The drug levothyroxine (Synthroid, Levoxyl, others) has long been the treatment for sluggish thyroids or hypothyroidism. The pill needs time to be absorbed properly, so patients are often instructed to take it daily a half hour to an hour before breakfast. But that can make the regimen inconvenient for some, and compliance declines.
Now, a new study suggests that weekly doses appear to work as well. Indian researchers presented the findings at the 2016 annual meeting of the American Association of Clinical Endocrinologists in Orlando. “Once weekly L-thyroxine replacement was well tolerated and there was no indication of acute toxicity or hypothyroidism symptoms compared with daily therapy,” according to researchers Satish Wasoori, MD, and Manoj Naik, MD, of Park Hospital in Guragaon, India. The new study echoes some findings from previous research.
U.S. endocrinologists who reviewed the findings say, in general, they still prefer daily dosing
The researchers say the weekly regimen is effective and safe, ”making it a possible alternative to customary daily therapy.”
“There is no question that daily therapy is preferable to weekly therapy,” says Jacqueline Jonklaas, MD, associate professor of endocrinology at Georgetown University Medical Center, Washington, D.C. She reviewed the new data.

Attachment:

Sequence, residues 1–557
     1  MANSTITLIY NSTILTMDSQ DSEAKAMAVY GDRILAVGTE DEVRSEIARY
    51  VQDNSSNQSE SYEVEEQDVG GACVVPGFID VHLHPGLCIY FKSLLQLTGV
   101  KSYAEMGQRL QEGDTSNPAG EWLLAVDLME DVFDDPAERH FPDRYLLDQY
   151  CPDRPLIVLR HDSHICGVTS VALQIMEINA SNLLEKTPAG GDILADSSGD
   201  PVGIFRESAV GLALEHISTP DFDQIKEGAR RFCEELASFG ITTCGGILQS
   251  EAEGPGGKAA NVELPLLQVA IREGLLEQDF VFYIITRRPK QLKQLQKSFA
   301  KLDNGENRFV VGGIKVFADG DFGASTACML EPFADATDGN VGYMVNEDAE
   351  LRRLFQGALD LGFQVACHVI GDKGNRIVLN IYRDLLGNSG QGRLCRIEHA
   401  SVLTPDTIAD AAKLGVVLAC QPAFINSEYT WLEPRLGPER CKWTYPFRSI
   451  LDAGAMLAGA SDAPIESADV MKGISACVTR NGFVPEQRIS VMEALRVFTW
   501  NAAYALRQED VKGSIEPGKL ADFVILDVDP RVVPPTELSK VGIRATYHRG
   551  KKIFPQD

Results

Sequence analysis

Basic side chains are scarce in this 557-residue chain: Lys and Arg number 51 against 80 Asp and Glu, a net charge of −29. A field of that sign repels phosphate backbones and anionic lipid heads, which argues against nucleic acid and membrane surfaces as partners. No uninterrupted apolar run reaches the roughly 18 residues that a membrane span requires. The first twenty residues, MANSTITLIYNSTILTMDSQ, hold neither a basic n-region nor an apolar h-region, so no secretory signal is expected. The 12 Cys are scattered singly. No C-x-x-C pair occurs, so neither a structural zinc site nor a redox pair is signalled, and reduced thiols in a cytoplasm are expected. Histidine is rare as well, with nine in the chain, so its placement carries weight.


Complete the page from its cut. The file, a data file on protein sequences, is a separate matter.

Why? “The ‘half life’ of thyroid hormone (how long it stays in your system) means that if you give it daily there are minimal peaks and troughs (ups and downs) in its blood level,” she says.
In her view, “the only patient who might be considered for weekly therapy is someone who could not be kept with normal thyroid levels on daily therapy.” That’s usually due to failing to take the medicine daily, she says. “Therefore, weekly therapy would only be a compromise when normal levels just cannot be achieved with daily therapy.”
Most do not have an issue remembering the daily dose, says Dr. Jonklaas says, adding that medicine can be taken morning or evening. “Patients can put their thyroid hormone on their night stand, next to their tooth brush, use a weekly pill container, set an i-phone alarm and so on,” she says. “I think working on finding a schedule that someone can keep to would be far preferable to pursuing weekly therapy. I also worry that this is not ideal for women of child-bearing potential. I do not think the up and downs in thyroid hormone would be optimum during pregnancy.”
Comment: I agree with others that daily is a better method.I use weekly for only a very few who can’t remember daily dosing regimen.
Richard Guttler MD,FACE,ECNU